The Securities and Exchange Board of India (Sebi) has sought one year’s action plan from the National Commodity and Derivatives Exchange (NCDEX), which has been falling out of favour with investors and traders.
Sebi has recently given the go-ahead to an Initial Public Offer (IPOI) plan by NCDEX, in which the National Stock Exchange has 15 percent stake.
“Basically, Sebi is not happy with the way trading volume in the exchange is diminishing on a yearly basis. In fact, Sebi called a board meeting of NCDEX last week and sought the exchange’s plan of action for the next one year,” a source close to the development told Moneycontrol.NCDEX trading volume goes downhill
The trading volume in NCDEX has fallen by more than 70 percent. In January 2018, it was around Rs 3,031 crore on a monthly basis, which has come down to Rs 784 crore in July 2020.
In January, it was Rs 1,639 crore. At the peak of COVID-19, in May 2020, trading volume reached Rs 587 crore.
A source from a commodity broking house told Moneycontrol: “At this rate, the exchange will not earn sufficient money even for running itself. Under the current structure, the exchange earns Rs 6 for every transaction worth Rs 1 lakh. A rough calculation would show that the exchange earns around Rs 30 lakh per month.”
One broker who stopped trading in NCDEX said: “Many brokers stopped trading on NCDEX after it increased transaction and warehousing charges. The exchange was charging higher fees for keeping open positions. This is something unheard of.”Where did the rot begin?
“As far as NCDEX is concerned, they have never shown how they are building up this market or their plans for development. They have failed to create confidence among hedgers, traders and even members of the exchange,” Kishore Narne, Head of Research, Commodity Division, Motilal Oswal, said.
Vijay Sardana, a techno-legal expert of commodity market, told Moneycontrol: “Too much focus on brokers and brokerage earnings will never make commodities a viable business. In fact, this will shake the confidence of the user industry and kills volumes.”
Last year, for instance, when castor prices shot up, NCDEX increased the margin overnight. Two major broking houses, Motilal Oswal and Angel Broking, stopped trading on the exchange after that.
"Agro-commodities need full attention on commodity fundamentals to attract hedgers. Too much focus on technical analysis only promotes speculation and leads to all-round losses. It is high time for a course correction,” Sardana said.Are farmers not interested in NCDEX?
“Farmers and stock holders are not much interested as the exchange does not provide much liquidity in long-term contracts. It is mainly focused on near-term contracts. They may be useful only for traders,” a Mumbai-based broker said.
“Physical delivery of metals is an attractive destination for those traders arbitraging in the spot and futures markets. Higher costs and perishable items discouraged trading in NCDEX," he said.
Narne of Motilal Oswal, said: “Agricultural markets are fairly localised and small, with almost nil information dissemination. This makes it difficult to understand the market and the participation is always concentrated in smaller towns.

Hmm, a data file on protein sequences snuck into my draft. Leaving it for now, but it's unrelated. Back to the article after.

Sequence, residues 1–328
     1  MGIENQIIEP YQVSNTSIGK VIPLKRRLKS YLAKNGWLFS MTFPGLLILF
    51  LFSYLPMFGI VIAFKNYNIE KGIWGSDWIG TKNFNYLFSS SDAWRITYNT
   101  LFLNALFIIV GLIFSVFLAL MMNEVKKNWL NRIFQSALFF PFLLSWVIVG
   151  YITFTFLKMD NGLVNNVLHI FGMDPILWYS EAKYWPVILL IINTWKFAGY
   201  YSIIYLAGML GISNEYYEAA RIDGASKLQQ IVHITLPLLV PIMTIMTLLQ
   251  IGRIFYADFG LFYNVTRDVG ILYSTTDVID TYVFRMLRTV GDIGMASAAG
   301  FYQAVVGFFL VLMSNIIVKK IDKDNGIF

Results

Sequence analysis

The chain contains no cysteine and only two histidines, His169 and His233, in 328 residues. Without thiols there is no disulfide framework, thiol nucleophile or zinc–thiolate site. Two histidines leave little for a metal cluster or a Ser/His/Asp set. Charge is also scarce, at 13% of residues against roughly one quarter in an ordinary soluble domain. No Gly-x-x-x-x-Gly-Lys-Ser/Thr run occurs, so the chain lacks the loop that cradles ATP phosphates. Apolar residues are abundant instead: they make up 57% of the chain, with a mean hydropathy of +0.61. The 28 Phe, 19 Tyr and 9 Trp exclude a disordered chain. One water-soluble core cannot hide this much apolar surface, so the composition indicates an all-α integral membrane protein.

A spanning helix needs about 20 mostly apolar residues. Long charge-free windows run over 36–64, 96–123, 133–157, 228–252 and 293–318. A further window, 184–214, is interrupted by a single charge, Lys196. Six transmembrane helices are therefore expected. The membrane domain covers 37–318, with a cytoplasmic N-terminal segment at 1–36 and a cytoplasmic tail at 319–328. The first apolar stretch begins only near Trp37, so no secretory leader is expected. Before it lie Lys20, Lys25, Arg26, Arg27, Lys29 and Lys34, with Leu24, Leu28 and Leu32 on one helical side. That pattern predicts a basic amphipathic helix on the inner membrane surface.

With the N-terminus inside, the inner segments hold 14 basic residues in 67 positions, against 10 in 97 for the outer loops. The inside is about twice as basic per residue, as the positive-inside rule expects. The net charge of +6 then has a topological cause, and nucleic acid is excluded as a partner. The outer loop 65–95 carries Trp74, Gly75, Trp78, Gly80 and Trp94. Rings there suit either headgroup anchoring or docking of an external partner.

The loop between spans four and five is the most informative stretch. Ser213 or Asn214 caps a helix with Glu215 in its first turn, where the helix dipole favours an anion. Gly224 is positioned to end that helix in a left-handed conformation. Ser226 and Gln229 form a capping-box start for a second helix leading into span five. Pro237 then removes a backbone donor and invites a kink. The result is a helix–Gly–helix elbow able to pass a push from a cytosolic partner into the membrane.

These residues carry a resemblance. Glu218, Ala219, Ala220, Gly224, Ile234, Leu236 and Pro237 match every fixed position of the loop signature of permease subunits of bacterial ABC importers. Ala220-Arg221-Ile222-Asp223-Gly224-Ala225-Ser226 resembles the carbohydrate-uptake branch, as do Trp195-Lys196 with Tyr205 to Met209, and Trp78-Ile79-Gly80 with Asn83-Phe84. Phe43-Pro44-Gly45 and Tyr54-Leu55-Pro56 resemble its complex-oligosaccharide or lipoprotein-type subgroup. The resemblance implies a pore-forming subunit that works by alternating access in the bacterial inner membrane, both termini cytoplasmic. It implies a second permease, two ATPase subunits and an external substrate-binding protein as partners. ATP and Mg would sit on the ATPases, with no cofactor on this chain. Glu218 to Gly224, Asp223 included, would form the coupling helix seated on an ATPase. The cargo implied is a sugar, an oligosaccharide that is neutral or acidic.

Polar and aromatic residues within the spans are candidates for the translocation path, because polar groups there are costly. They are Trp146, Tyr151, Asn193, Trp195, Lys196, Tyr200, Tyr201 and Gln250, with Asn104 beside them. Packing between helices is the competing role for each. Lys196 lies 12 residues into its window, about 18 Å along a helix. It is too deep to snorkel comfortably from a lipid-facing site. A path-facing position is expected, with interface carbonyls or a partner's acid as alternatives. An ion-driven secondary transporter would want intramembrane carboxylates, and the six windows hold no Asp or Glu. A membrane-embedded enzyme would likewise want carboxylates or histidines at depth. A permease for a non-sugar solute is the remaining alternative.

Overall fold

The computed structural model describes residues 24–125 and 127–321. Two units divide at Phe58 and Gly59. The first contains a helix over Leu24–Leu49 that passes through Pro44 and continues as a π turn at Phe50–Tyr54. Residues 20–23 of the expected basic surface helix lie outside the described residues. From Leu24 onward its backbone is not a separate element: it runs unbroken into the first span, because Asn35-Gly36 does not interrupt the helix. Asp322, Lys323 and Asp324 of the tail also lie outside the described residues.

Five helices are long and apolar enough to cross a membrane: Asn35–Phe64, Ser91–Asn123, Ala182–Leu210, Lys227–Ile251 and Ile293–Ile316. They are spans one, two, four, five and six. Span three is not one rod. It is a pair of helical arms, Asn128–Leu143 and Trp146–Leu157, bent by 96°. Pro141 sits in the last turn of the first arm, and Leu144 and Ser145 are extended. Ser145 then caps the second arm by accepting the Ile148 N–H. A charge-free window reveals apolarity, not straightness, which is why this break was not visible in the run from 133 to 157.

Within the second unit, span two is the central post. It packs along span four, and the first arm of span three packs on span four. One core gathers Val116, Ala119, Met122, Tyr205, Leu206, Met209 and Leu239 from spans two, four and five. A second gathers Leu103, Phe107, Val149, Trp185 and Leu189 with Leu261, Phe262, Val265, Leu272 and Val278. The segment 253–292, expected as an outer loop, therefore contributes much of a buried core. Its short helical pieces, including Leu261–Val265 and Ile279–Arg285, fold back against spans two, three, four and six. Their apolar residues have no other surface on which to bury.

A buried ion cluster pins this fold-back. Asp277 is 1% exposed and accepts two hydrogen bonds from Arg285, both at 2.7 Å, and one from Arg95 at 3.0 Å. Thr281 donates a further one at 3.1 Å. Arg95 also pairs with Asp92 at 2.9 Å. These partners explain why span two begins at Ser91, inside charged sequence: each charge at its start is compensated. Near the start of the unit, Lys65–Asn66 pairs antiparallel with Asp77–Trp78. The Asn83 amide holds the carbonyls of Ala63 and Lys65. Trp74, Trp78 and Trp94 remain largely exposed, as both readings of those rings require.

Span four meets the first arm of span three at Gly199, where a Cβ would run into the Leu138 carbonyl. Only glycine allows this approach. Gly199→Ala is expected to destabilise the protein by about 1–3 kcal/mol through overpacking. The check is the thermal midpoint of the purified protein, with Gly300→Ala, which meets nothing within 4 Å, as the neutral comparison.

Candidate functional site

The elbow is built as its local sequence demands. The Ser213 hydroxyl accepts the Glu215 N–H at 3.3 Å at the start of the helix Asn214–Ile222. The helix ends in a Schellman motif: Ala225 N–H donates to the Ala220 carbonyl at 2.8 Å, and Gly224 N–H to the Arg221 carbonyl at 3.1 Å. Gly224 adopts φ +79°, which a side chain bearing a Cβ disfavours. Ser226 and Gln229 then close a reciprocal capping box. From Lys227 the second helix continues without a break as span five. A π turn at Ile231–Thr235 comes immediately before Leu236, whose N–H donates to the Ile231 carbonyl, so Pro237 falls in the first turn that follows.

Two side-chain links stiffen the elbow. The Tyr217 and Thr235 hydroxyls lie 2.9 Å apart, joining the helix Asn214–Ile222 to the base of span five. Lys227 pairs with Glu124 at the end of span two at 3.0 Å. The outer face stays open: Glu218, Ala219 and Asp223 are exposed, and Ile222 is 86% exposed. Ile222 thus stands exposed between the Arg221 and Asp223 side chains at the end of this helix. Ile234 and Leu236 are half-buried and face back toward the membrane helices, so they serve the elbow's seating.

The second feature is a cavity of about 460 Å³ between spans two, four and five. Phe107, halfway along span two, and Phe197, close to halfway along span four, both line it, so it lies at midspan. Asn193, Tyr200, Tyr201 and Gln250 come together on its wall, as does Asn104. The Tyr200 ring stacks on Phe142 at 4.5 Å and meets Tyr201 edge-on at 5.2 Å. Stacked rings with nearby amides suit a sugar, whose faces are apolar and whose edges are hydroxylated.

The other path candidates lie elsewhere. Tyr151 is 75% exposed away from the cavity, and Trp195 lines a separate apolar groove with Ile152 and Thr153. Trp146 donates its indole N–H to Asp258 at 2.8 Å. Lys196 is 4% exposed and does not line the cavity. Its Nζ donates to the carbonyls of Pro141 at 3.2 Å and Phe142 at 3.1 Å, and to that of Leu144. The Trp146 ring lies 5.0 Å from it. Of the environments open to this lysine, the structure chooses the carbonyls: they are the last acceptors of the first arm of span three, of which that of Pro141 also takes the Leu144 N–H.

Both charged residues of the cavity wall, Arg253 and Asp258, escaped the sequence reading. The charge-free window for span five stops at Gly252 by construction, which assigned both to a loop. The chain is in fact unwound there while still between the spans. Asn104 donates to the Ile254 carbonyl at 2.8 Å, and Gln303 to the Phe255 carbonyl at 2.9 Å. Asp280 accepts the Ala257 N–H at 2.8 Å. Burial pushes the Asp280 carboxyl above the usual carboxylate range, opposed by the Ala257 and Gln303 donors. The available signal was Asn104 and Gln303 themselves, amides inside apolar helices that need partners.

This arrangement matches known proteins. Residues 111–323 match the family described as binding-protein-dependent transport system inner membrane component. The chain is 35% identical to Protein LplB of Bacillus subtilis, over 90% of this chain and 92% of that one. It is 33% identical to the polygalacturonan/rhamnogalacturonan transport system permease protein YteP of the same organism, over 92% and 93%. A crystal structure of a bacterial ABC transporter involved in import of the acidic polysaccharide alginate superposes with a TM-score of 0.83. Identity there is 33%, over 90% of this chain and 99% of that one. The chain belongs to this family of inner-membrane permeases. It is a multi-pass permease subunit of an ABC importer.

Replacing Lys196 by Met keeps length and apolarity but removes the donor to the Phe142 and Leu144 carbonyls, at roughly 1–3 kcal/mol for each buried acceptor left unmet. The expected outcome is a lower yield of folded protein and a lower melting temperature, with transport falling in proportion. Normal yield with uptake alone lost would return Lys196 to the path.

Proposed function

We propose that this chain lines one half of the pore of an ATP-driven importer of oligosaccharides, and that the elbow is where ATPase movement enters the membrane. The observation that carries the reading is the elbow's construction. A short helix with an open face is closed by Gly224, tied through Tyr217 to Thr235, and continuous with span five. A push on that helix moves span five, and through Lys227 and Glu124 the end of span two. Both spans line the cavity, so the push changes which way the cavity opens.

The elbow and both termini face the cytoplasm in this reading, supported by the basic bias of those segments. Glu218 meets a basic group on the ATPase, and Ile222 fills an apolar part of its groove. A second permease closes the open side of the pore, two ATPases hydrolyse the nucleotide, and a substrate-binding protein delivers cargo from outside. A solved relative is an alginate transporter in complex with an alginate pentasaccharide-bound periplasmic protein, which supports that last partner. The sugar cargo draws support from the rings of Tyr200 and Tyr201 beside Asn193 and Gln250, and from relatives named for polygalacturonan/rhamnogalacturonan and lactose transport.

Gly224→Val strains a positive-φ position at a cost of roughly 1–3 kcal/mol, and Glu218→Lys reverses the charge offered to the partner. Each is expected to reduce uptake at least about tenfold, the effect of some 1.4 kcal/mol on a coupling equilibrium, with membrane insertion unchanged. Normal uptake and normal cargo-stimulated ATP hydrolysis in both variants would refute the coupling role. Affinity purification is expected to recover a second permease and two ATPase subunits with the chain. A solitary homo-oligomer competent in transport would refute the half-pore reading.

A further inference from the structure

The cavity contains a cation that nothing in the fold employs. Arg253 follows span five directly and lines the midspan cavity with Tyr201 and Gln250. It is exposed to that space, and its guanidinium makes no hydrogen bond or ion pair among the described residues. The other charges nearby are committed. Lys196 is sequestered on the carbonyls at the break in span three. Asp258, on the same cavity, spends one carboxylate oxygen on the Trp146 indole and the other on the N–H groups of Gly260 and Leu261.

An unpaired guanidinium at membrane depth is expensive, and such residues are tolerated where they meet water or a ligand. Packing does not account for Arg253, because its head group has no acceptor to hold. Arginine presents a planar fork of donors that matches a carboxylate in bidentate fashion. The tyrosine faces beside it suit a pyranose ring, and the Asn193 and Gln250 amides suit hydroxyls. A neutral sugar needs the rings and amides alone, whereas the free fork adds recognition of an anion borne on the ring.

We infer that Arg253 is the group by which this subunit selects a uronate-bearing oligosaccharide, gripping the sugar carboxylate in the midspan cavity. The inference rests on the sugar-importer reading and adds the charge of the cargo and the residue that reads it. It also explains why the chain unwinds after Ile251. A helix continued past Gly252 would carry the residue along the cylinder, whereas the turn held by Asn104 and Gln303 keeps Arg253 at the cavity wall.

“Secondly, any large trading movement instantly attracts media and government attention. This makes traders nervous and they fear government intervention. Though the common belief is that farmers will hedge on commodity derivatives, our farmers are very small and ill-equipped to handle the complexities of a derivative markets,” he said.Is there hope for NCDEX?
Narinder Wadhwa, President of Commodity Participants Association of India, believes not all is lost and has a few suggestions.
“Volumes in the agri-futures market have decreased because of the castor price episode and other issues on NCDEX in the last few years. We need to tackle this and sops should be in place. Market participants should know in advance about outcome of contracts they get into. With the recent regulatory changes in APMC and other agri-marketing Acts, lot of interest is there in agri-products,” he said.
“The time has come for futures markets to widen their contracts basket. NSE and other exchanges are also working on this. With big corporates and Farmer Producer Organisation s (FPOs) becoming active in the agri-sphere, we should see a pickup in volumes in our agri-commodities,” he said.
However, the situation is no different in India’s largest derivatives exchange, the Multi Commodity Exchange, either. While trading in mentha, cardamom, crude palm oil and cotton saw good volumes in the past, in the last two-to-three years, there is not much volumes in mentha and cardamom.
The Bombay Stock Exchange has also launched trading in turmeric, guar gum, guar seed and cotton. But it has succeeded only in cotton trading, with a 30-40 percent market share gain.What NCDEX has to say
The COVID-19 pandemic has disrupted physical market operations and has impacted volumes at the exchange platform as well. The exchange, along with its subsidiaries, has managed this difficult period effectively and helped value chain participants, not only in transparent price discovery but in physical operations as well, the NCDEX said.
During the pandemic period (April to July), National Commodity Clearing Ltd (NCCL)-approved warehouses have received 1,50,000 MT deposit and there was delivery of 1,22,000 MT from the futures platform.
The exchange is actively working for the higher level of operations expected after the Covid related supply chain disruptions.
NCDEX remains committed to its investments and efforts to help agri-markets achieve the transformation expected at a national level.
With good monsoons following the sowing of Kharif crops, opportunities created by agri-reforms, and higher participation from a wider set of participants, the segment is expected to bounce back in the months ahead, the NCDEX said.